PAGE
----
This year marked what would have been the 190th birthday of one of Clare’s most historically significant men, Thomas Flanagan, who, along with fellow Clare native Paddy Hannan, was the first to discover gold at Kalgoorlie, Australia’s richest gold mine.

The pair became famous in Western Australia in 1892 when, joined by Cork man Dan Shea, they travelled deep into the desert after hearing rumours about a gold find at Mt Youle, 70km from the existing gold sight of Calgoordie.

However they never made it to Mt Youle, 40km into their journey one of their horses strayed, an unlikely stroke of luck as when searching for it the trio spotted the signs of gold in the area.

The accounts around the actual gold find are conflicting and varied, one tells that Hannan upon spotting gold told the main party of prospectors that they were staying behind to find his missing horse, as not to cause gold rush, and then excavated the site when the party headed east.

Another written by prospector Fred Dugan in The Sunday Times of Perth on February 14th 1909 quotes Flanagan explaining the find, “I picked up two small pieces of gold near the camp of the party looking for Mt. Yuille. Next morning, I walked along the base of the hills and saw gold lying on the sand in a small water course. Blood-an’-hounds! I was afraid to pick it up, as some of the men might see me from the hill above, so I threw an [old] bush on it and went away. I told Hannan and Dan Shea of my discovery. We then left the camp as if for Coolgardie but turned into the scrub until the Mt. Yuille party went on. We then went and took the [old] bush off the gold and picked up about 9oz. We prospected the watercourse upwards, and as the results were [favourable] we decided that Hannan should apply for a reward claim, and while he was away Dan and I picked up 100oz of gold”.

Both Flanagan and Hannan had grown up during the great Famine, with Hannan being born in Quin in 1840 and Flanagan in Barefield in 1832. Flanagan emigrated to Australia in 1860 following his brother who had made the voyage in 58’, and Hannan arrived 3 years later in 1863 joining his uncle working in the mines in Ballarat and Victoria, he was the first of 6 children in his family who would emigrate to the country.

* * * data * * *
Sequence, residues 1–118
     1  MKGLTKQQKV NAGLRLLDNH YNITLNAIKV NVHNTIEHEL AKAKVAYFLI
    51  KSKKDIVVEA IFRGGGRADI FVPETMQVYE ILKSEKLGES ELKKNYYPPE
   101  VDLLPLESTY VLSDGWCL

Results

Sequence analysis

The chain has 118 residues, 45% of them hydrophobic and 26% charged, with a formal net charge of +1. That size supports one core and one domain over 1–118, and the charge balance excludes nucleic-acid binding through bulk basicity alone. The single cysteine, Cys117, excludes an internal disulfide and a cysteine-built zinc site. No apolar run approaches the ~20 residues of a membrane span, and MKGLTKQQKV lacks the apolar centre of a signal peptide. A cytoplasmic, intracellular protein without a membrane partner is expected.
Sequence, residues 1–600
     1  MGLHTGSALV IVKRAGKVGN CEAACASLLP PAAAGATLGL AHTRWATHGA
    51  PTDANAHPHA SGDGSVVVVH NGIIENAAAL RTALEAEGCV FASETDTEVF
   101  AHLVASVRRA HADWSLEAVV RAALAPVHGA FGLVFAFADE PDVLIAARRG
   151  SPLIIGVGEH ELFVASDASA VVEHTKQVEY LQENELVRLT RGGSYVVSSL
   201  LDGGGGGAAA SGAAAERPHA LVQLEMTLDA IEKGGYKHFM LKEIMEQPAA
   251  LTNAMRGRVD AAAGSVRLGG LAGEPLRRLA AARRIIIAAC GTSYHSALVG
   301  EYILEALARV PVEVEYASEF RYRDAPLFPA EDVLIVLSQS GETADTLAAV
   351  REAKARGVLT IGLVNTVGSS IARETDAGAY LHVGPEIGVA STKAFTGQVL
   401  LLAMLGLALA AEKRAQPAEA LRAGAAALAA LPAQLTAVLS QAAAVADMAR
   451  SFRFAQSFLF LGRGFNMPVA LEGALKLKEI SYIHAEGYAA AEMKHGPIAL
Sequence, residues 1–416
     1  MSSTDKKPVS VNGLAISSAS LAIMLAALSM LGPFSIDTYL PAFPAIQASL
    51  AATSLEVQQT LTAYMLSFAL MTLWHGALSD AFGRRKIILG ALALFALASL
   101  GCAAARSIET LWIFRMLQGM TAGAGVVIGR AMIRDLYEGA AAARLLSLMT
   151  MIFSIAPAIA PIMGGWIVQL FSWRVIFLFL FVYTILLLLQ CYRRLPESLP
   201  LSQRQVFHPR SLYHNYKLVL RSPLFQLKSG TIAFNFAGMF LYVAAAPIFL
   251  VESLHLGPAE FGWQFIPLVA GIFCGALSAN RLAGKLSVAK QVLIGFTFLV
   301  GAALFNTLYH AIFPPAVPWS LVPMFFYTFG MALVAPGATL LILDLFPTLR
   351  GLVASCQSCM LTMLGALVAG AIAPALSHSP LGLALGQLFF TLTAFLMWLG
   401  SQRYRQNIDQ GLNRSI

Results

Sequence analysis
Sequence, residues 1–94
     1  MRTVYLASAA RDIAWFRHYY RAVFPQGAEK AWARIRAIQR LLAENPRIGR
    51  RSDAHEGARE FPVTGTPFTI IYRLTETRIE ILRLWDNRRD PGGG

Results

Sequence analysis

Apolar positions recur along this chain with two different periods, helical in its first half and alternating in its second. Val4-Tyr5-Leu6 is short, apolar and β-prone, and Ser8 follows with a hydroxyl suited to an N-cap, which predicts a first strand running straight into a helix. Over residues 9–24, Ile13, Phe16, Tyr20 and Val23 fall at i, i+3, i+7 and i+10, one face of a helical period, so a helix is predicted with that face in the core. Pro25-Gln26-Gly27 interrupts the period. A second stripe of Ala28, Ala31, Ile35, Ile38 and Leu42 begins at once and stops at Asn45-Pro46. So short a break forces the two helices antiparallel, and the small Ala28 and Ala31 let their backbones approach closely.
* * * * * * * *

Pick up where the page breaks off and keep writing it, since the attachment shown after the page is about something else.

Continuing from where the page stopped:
Neither enjoyed significant success chasing the great gold rushes around Australia in the 30-year period before they made the discovery at Kalgoorlie. This find would seem to be their chance to make it big, but it wasn’t to be, news of the gold spread quickly and within two days they were joined by 400 men, by the end of the week 1,000 and Hannan and Flannagan couldn’t compete with the wealthy speculators who had the capital to mechanically excavate the site.

Flanagan contracted influenza seven years later in 1899 and as a result of his weak lungs from years of mining, at the age of 65, he died. Hannan would live significantly longer not dying until 1925 at age 85, a very long life when considering the average life expectancy of someone born in Ireland in 1840 was just 38 years.

Both died with enough money to live comfortably, especially Hannan who continued his prospecting until 70, but neither had the great riches one would think the discoverers of Australia’s richest gold mine would have. Yet while their story remains little told in Clare they haven’t been forgotten in Western Australia. The city of Kalgoorlie-Boulder which grew out of the Hannan and Flanagan’s discovery today has a population of almost 30,000 and gold mining still remains the towns biggest industry.

The trio’s legacy, particularly Hannan’s, can be seen all over town, Hannan street is the main street in the town, there’s a Hannan suburb (which contains a street called Flanagan parade), a Hannan primary school, a plaque on the town hall with the names of Shea, Hannan and Flanagan and in the centre of town a statue of Hannan himself. In 1993 the citizens of Kalgoorlie-Boulder even paid for the restoration of Flanagan’s unmarked grave, 2,785km away, so that a new headstone could be erected to reflect the significance of the man lying under it.

Hannan never stopped hoping for another big find. Soon after his death The Sunday Times of Perth wrote “Paddy Hannan was the last of the old-timers – the oldest of the Western prospectors. He retired, temporarily, three years ago, then a husky youngster of 80 but he had made his mind up to go out again. Last time I met him be said: ‘The next thing I find I’ll get me fair share of it. An’ I know a bit of new country I’d like to-try.’ He’s-in new country now”.

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If you’re here, you care about County Clare. So do we. Did you rely on us for Covid-19 updates, follow our election coverage, or visit The Clare Echo every week for breaking news and sport? The Clare Echo invests in local journalism and we want to safeguard its future in our county. By becoming a subscriber you are supporting what we do, will receive access to all our premium articles and a better experience, while helping us improve our offering to you. Subscribe to clareecho.ie and get the first six months for just €3 a month (less than 75c per week), and thereafter €8 per month. Cancel anytime, limited time offer. T&Cs Apply. www.clareecho.ie.

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